Abu Ahmad, 40, fled the fighting between government and rebel forces in his village of Hish in southern Idilb province over a year ago. He found refuge at an archaeological site called Shinshrah, which is believed to be a village from the Roman era.
“My house was completely destroyed,” said Abu Ahmad. “I do not want to go to the humiliating refugee camps and I cannot afford high rents.”
Shinshrah is located in the Zawiya mountain range, one of about 40 Roman and Byzantine villages built in northern Syria between the first and seventh centuries AD.
UNESCO has classified these villages as world heritage sites and listed them among the places that are endangered by the Syrian civil war.
The ancient village of Shinshrah, which includes the remains of five churches, a number of palaces and around 100 houses, currently hosts over 100 displaced families from the southern part of Idlib province.
The new residents have been breaking the massive building blocks from ancient buildings into smaller stones that they sell or use to build huts roofed with tarpaulin. They have also destroyed the entrance of one of the churches, fearing that it might collapse and destroy their makeshift homes.
But the internally displaced persons (IDPs) are not the only ones to blame for the damage to the site.
On May 2, an airstrike by government forces killed a man and his two children and destroyed the whole of one ancient house as well as the wall of a church in Shinshrah. It is believed the planes were targeting a new IDP settlement located 500 metres from Shinshrah, mistaking it for a rebel camp.
Local officials say they are helpless in the face of the ongoing destruction of this archaeological site.
“We are trying to coordinate with international organisations, specifically UNESCO, in order to form a commission to protect these ruins,” said Mohammad al-Alan, the head of the pro-opposition council of Bara village, where Shinshrah is located.
“We do not have any forces to protect these sites from destruction. We need donations to form security structures solely for the protection of archaeological sites,” he said.
Al-Alan said his council had been explaining to IDPs that the remains would be of importance after the end of the war.
A government committee to protect antiquities has not been able to do anything about the problem, either. Since Shinshrah is located in a rebel-controlled area, the committee only has one staff member there, Hussein al-Aboud.
“The archaeological site that is affected the most by destruction is Shinshrah due to the high numbers of IDPs residing there,” Aboud said. “I’m unable to prevent the destruction. As an individual, all I can do is try to raise people’s awareness, but that isn’t enough.”
Aboud pointed out that historical sites belonged to the public, not the government, and that it was in everyone’s interests to preserve them.
The Culture and Media Bureau in Kfar Nabel has launched an awareness campaign about the importance of archaeological sites and the need to protect them.
According to bureau member Hammoud al-Juneid, 35, the organisation will provide free drinking water to IDPs in Shinshrah for three months. According to Hammoud, one of the reasons why IDPs sell ancient stones from the site is to afford potable water.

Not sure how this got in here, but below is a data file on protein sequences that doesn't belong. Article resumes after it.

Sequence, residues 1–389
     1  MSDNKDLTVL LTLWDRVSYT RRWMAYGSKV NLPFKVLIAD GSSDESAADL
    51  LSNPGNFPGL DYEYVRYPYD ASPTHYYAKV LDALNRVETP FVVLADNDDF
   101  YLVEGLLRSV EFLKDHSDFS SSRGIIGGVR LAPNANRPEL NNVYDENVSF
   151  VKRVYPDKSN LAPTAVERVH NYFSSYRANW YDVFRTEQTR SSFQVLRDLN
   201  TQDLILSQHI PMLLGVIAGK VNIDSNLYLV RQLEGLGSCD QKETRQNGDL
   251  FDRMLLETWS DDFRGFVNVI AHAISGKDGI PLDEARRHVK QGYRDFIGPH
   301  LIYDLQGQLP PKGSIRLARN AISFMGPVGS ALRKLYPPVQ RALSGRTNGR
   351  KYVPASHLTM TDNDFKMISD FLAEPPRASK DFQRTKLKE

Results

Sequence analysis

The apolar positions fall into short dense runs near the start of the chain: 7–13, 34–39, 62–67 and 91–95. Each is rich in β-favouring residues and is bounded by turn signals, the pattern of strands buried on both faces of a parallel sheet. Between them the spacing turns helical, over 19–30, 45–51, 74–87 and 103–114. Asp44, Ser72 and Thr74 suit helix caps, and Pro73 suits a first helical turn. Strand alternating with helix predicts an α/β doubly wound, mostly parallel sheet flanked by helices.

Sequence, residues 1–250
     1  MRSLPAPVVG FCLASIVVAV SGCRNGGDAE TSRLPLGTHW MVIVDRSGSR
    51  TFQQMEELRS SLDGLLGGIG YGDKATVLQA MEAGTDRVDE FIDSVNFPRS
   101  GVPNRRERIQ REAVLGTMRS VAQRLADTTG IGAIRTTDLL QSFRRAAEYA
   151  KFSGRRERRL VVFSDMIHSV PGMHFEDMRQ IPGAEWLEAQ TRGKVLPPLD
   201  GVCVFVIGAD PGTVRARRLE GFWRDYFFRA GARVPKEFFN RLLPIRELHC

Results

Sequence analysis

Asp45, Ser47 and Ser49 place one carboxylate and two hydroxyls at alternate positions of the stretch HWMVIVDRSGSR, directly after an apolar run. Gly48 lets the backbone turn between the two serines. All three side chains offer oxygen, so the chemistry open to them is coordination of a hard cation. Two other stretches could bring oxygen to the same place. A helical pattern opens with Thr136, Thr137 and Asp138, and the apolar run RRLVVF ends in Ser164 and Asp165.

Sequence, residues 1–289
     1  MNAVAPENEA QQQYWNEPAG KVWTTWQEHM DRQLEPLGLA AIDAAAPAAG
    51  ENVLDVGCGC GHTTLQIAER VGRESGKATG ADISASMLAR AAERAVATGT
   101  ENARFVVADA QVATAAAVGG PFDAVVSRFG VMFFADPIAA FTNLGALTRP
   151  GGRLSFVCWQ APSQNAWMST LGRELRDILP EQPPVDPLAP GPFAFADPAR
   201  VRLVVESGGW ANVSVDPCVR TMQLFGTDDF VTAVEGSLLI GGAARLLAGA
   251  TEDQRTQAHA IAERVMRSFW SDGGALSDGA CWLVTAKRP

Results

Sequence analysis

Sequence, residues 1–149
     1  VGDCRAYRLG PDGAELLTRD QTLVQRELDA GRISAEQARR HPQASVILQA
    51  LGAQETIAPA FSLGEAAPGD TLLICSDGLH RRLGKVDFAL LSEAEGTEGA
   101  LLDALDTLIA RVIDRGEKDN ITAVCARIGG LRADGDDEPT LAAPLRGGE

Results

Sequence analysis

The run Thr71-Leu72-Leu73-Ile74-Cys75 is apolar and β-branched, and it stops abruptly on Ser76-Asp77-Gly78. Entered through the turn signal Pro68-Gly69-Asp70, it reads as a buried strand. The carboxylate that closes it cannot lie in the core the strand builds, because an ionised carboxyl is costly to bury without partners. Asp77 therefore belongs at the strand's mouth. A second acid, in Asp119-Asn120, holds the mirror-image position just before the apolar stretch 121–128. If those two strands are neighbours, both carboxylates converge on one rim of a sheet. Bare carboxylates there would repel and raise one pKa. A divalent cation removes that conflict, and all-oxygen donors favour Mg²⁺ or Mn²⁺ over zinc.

Abu Rashad, 40, from the village of Kafrouma, blames the government for his move to Shinshirah.
“My village is located near a military checkpoint in the Maarat al-Numan area. We were subjected to daily shelling and sniper shooting and a large part of my house was destroyed,” he said. “There is no security in our village, so we have nowhere else left but this ancient site. I am very unhappy. There are many poisonous insects, but where else can we go?”
Abu Ayman, 30, from the village of Hish, says it is the fault of both the rebels and the Syrian army that he has to squat in the ancient village.
“Most of the battles between the opposition and the regime in Wadi Aldaif and Hamidiya led nowhere. The opposition and regime forces only succeeded in demolishing most of the villages surrounding these military bases, including mine,” he said.
Many residents of Bara and Kfar Nabel sympathise with the IDPs.
“Who are they harming by living there? If anyone wants to accuse them of destruction, let that person liberate their villages or find an alternative for them,” said Fadel al-Akel, 30, who holds a degree in archaeology from Aleppo university.
Mohammad al-Hassan, 39, a dentist from Bara, also believes the IDPs should be left to live in Shinshrah.
“Human lives are a thousand times more valuable than stones,” he said. “I can’t see any reason why IDPs shouldn’t live on the archaeological sites. There is no better place for them to stay. I believe they’d be more than happy to move if the opposition built IDP camps.”
Others, however, want to protect historic sites from vandalism, like 25-year-old music student Abu Anas.
“Everyone is responsible for the destruction,” he said. “These archaeological sites belong to the public and not the regime. IDPs don’t have a right to vandalise them just because they have nowhere else to go. A committee for the preservation of these sites should be established to hold anyone responsible for vandalism accountable.”
A 44-year-old government employee who gave his name as Abu Ziad expressed a similar opinion.
“We are not going to drive [IDPs] out of Shinshrah but the destruction of this site… is a crime against all Syrians. It is the responsibility of us all to preserve it,” he said.
However, Abu Ahmad, the man displaced from Hish, refused to recognise Shinshrah’s value as an ancient site
“The history of this ancient village began a year ago when we were driven out of our villages and came to live here,” he said. “The Romans only lived here… we will rebuild it any way we want.”
Photo: Abdullah al-Sallum from the Media and Culture Bureau of Kfar Nabel